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Italian Cuisine and Recipes

Italian Food, Recipes and cooking

Cooking by Country - July 2004

 

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Italy is situated in Europe and has borders with France, Switzerland, Austria and Slovenia.  It has a 7,600 km coastline and includes two large islands, Sicily and Sardinia, plus smaller islands and its central position makes for easy access to Europe, North Africa and the Middle East.

 

The land is made up of plains, hills  and mountains and its climate is relatively temperate although it can vary quite dramatically with more severe winters to the north and a hot and dry summers in the south.

 

A note from the Editor

In order to truly appreciate today’s Italian cuisine,  Italy’s political history must be understood. It should be remembered that Italy, as a country, was only completely unified in 1870. Certainly as far as its cuisine is concerned, up until that time the various regions were, to all intents and purposes, separate entities adhering to many localised customs. Although there are some Universal Italian recipes which are eaten throughout the country, the ingredients and methods can vary enormously from region to region, indeed, from kitchen to kitchen!

 

Ancient times, History and Influences on Italian Cooking

 

Archaeological  evidence found throughout Italy and Sicily shows  evidence of human activity dating back to the Palaeolithic period but more interestingly, proves that by the beginning of the Neolithic period c. 2400 B.C. the earlier communities of hunter gatherers had been replaced by agricultural and pastoral settlements. These peoples grew crops and bred livestock for food.  Latin's settled in the surround areas of Rome around 1000 BC.  They kept pigs, herded sheep, goats, cattle and lived in primitive huts.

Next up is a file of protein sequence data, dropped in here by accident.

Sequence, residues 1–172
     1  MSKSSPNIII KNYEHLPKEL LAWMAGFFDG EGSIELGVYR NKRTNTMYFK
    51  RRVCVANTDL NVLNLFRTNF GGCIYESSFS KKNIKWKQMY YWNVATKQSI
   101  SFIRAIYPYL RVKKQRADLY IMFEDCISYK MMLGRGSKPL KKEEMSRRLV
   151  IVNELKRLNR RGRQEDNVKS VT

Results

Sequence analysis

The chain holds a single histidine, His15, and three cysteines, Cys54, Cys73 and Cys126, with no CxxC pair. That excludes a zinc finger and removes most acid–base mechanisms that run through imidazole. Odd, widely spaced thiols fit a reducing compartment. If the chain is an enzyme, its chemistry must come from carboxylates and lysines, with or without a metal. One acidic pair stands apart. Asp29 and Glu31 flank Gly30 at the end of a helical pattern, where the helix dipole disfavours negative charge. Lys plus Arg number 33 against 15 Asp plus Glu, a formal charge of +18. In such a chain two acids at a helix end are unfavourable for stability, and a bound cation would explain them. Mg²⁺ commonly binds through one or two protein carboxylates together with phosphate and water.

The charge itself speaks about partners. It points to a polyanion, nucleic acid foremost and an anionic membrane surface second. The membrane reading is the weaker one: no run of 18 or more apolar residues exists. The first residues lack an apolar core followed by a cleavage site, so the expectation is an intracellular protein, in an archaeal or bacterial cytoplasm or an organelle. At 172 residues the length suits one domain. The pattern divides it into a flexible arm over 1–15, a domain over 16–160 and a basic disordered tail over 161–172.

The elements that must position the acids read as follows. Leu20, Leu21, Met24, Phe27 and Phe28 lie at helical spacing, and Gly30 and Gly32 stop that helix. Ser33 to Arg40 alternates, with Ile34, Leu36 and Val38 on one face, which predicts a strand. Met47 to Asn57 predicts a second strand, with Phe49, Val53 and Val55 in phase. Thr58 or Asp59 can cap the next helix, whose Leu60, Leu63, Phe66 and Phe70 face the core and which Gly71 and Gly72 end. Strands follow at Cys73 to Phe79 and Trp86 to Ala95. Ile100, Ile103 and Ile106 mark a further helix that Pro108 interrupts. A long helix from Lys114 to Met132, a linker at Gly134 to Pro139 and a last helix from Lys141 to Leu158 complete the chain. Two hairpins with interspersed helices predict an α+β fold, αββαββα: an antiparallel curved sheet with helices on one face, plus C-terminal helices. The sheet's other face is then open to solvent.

By 700 BC, the Etruscans, thought to have come from Lydia (now Turkey),  had invaded and settled central Italy.  It is known that they grew cereals such as barley and rye, from which they extracted "puls" the ancestor of today's bread. Garlic, onions and herbs such as rosemary and bay leaves were popular seasonings in Etruscan cooking and other vegetables consumed included. Etruscans grew  many fruit and vegetables such as black eyed peas, fava beans,  legumes,  pomegranates, figs, grapes and small melons. Many domestic animals were raised for food including beef, pigs, chickens, ducks, geese, goats and sheep. They made cheese from the milk of cows and pigs.As well as farmed animals, there was an abundance of wild game in the forests of  the north: hare, deer and wild boar were all on the menu as well fish from the rivers, the lakes and the sea.

 

The Greeks invaded southern parts of Italy and established colonies on the southern coast as early as the 500 BC.  They continued settling colonies in the south for the next two centuries, bringing with them  more developed agricultural methods. Fish and seafood were widely eaten in the south ate this time, with meat being less common in the diet, although goats and sheep were in abundance, and some forms of cheeses were made, probably an early form of ricotta. These basic cheeses developed into Pecorino and Caciocavallo.  It is also believed that the Greeks utilised the wild thistles growing in the area which are cultivated today: artichokes.

 

Food and its preparation was a very important part of the culture of the Roman empire (31BC to the 476AD) and the only surviving cookery book from the Classical period is Roman; Apicius de re Coquinaria, the oldest known cookbook in existence written by a Roman gourmet, Apicius Born 25 B.C. who lived in the first century BC.

 

Around 568AD The Lombards, who were of Germanic origin, started to settle in the north of Italy. These northern Europeans also brought their cuisine with them, which was reflected in the more hearty cuisine.